Acerca de Guilherme

Passioned by life and people, Guilherme early realized we can’t claim to learn within/following the current and dominants paradigms. Being an educator he tries to make himself an ambulant experiment rassembling new dynamic transdisciplinary teaching methods and knowledge sources in order to emancipate with people in autonomous, sustainable, resilient networks. Besides, he’s a biologist specially concerned by men footprint, food souveraignty, identifying wild edible weeds, agroecology, building concrete and accessible alternatives towards transition - learning/sharing with people. Meanwhile he will be sharing his thoughts and experiences refarming the cities ;) Hard task to briefly write a description, so feel welcomed to contact at guilhermeb[at]riseup[dot]net ;))

Scraps-grown fruits n’ vegetables

I’ve recently came across again a habit i neglected for a while. Given its role as a good alternative to composting, besides relatively quick reap, growing food scraps can be fairly inexpensive, ludic and also prevents landfill saturation. There are lots of ordinary edibles we frequently buy that would easily grow on a sunny window sill, mostly, in water, pebbles or soil, as stated here. In order to accomplish that, you might want to know that starting food scraps out in water is often a helpful way to jumpstart a plant, until it establish itself and may be able to be transferred to some other substrate.

Here you go, nearly 1-2 days after i’ve cut this leek section, i would spot it growing again. :)


And voilà:


You would not need more than this that you see on the pic. Juste make sure you keep roots in contact with the water, and nature will do the rest. Five days later i already had a small sprout popping out; you can also see at the background a sprout of avocado (i’ve cut a section so you could see it from a better angle) i had previously caught in a Rio forest . As i stated, there are severall ones you could play along with, as ginger, green onions, lemon grass, potatoes, garlic, and so on.

You must want to notice that in order to grow organic, non-GMO vegetables at home, you will need to start with organic produces.

Good luck reducing your grocery bill ;)


Worth a glance:


Black Thumb Gardener;


(At last) on bjdw – 3

Observing how culture evolves distinctly accordingly to the complex and numerous factors that make it singular is huge, especially when it comes to agriculture, and food. Besides, it is critical as well to observe the surroundings as a whole set of interconnected and dependent ‘unities’ (diverse ones). It’s a sensible task and a pretty changing as well to observe communities’ whole to keep it.  Some simple and pretty informative manuals can help us with fairly basic comprehensive guidelines to accomplish that. Although, more than being obsessed by the idea of assembling techniques and be a specialist of any kind, i could tell that dashilar taught me that farming along is mostly a matter of mutual respect and understanding. It was pretty fun an pleasant to do that at Dashilar.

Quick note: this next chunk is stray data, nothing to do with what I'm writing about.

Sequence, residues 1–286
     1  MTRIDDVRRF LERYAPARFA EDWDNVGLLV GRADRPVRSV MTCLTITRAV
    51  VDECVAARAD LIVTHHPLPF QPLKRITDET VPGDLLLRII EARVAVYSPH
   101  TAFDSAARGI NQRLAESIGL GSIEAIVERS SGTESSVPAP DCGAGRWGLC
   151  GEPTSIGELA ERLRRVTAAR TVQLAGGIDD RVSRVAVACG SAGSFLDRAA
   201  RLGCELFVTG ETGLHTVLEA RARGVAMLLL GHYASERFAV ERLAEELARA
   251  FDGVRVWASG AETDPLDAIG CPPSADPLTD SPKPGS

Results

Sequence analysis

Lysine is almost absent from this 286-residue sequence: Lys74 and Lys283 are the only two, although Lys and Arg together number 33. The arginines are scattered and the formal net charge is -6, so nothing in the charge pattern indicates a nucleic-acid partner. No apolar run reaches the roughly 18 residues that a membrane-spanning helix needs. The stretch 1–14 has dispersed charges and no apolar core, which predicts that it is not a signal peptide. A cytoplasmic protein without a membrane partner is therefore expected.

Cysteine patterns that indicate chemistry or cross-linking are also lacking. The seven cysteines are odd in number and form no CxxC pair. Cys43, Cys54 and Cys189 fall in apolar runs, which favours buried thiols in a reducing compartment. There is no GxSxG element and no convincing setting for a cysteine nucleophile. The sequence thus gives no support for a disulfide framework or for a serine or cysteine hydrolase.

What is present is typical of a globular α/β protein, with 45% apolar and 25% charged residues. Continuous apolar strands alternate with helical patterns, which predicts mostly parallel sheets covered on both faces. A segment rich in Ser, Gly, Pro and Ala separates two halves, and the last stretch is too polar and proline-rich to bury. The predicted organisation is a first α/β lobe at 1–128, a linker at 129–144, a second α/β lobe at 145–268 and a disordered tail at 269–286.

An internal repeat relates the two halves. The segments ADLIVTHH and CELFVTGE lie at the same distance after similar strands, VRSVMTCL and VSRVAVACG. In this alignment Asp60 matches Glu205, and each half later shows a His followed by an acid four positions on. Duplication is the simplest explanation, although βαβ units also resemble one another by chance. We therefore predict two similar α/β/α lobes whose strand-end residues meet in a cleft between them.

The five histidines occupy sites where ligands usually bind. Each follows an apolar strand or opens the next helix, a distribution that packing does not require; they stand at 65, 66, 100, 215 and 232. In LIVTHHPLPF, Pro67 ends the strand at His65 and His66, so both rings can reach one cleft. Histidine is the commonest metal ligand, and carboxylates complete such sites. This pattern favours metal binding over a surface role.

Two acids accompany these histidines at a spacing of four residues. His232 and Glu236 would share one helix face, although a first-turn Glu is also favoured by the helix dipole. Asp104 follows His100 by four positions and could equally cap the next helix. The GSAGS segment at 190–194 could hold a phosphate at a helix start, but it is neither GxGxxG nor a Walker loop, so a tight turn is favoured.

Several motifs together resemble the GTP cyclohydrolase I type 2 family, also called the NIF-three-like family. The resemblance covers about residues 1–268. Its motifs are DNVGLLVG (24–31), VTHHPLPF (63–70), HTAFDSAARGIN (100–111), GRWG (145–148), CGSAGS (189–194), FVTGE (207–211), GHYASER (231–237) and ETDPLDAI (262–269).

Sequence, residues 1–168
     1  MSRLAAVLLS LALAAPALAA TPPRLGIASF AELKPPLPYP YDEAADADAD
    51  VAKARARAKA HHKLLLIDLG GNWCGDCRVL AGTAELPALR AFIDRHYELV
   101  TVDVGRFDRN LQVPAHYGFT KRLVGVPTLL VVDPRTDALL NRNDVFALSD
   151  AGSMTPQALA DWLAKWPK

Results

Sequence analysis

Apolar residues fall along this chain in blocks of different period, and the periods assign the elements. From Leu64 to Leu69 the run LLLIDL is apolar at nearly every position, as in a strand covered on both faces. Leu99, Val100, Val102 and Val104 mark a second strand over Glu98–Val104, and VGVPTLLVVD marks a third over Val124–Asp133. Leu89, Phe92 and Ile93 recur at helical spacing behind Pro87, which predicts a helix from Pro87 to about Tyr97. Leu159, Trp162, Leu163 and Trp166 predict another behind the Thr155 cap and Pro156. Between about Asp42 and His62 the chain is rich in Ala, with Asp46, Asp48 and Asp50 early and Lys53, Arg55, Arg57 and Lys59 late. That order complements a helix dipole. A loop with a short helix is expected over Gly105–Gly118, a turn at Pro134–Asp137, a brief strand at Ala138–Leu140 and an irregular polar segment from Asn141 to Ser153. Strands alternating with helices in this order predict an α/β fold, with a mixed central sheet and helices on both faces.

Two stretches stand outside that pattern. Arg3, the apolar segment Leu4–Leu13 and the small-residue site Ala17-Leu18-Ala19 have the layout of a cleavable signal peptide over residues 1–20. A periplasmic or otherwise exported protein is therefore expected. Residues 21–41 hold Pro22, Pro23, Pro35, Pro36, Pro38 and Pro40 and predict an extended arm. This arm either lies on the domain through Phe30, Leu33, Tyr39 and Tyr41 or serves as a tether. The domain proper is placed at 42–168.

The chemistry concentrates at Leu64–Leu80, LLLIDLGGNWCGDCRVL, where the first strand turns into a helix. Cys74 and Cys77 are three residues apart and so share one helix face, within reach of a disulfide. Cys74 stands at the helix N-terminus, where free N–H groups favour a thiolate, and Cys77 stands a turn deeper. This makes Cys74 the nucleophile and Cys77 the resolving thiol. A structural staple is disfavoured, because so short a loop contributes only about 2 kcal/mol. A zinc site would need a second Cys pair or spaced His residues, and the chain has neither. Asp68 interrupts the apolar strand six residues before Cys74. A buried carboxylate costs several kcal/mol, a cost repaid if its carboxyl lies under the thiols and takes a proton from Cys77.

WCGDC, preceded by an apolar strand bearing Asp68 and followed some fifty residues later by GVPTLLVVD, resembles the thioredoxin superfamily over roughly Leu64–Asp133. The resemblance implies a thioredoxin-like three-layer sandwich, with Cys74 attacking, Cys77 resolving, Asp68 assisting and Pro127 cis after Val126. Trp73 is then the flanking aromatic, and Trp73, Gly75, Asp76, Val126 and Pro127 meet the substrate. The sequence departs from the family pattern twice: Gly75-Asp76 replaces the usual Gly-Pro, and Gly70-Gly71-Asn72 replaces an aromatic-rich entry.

Thanks everyone for the experience and Hernani for the invitation :) See you!

post 3


(At last) on bjdw – 2

This would be the ‘special post’ on #bjdw day 12, as Hernani stated previously.

We could then notice a relatively good amount of neighbor urban farming at Dashilar (a Hutong at Beijing center area), at least when compared to western big cities reality, apart from some changing scenario.

The main strategy to spot urban farming on our surroundings was an attentive and patient observation while we wandered around Dashilar (still we had not much of a time), coupled to our avid wish to find something hehe. After monitoring these elements we started approaching our provisional neighbors :) That’s the tricky-hilarious funny step, since our brave translating-volunteers hadn’t an outstanding english level and i’m not a genius neither ;p

stopping by

Inquiring around – It was definitely the highlight of the trip!!! Experience this reluctanct kindness of local people, overcoming cultural dissimilitudes in order to simply exchange ideas was fantastic. Taking part on this ‘investigation’ seemed pretty crazy, even disturbing to the no more than 6 neighbors we’ve visited, probably due to the late interventions on the neighbordhood and economic ‘progress’ impacts on the area – the Hutong is becoming tourist-crowded, and my western face couldn’t help me much. The main questions-directives were: – Why gardening?; – Is this a familly issue?; – Where do you get your seeds from?; – Do you share harvest products with your neighbors?; Do you know any other urban farmers?


The overall answers were ‘i simply buy my seeds, and i grow ‘em for fun or just to make my place beautiful or more attractive glancing at.’ Inadvertently or not, vegetables grow under the highly-polluted Beijing’s atmosphere, and we can indeed spot some gardening technics, as using crushed eggshells to prevent uninvited guests (such as cutworms and slugs) and due to its high calcium carbonate content (important for plants tissues and adjusting soil’s Ph).

cracking eggs

This would be the general gardening pattern accordingly to my time/space limited-based perspective on our Beijing stay, and any further statements about that would require supplementary research.


Cucurbitaceae, peppers, radishes, eggplants, tomatoes… and some nice suspended gardens…

bit of harvesting

I even got some local variety seeds.


Still processing this achievements : )

(At last) on bjdw – 1

Far out of schedule, although still worthy (i guess ;p) to share my few vivid impressions on Beijing Design Week. Even though it’s been roughly four months since i began focusing on some other projects, i can tell that my stay in China still plays a key role at my late outlook.

Let’s keep it on the basic level hehe so that briefly we’ll be able to share a few on that matter on no longer than 2 or 3 posts. :)